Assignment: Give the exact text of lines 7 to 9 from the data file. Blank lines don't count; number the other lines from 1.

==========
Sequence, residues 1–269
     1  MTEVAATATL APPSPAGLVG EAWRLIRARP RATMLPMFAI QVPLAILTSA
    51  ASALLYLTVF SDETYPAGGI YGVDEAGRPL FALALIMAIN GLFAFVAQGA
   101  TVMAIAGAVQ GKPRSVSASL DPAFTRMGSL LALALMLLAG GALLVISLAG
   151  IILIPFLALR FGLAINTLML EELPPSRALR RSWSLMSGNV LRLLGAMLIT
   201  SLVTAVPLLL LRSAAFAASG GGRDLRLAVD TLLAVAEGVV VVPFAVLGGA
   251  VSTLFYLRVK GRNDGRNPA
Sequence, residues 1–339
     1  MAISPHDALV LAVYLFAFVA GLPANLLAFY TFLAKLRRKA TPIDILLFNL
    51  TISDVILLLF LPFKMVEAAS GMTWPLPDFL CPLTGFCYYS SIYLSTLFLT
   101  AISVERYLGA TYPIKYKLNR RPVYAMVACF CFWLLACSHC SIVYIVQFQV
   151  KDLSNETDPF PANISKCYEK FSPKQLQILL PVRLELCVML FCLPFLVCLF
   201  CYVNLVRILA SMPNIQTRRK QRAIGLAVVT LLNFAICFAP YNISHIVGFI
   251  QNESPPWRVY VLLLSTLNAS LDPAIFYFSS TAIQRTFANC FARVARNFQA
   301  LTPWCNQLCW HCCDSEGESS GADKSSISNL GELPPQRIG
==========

   251  VSTLFYLRVK GRNDGRNPA
Sequence, residues 1–339
     1  MAISPHDALV LAVYLFAFVA GLPANLLAFY TFLAKLRRKA TPIDILLFNL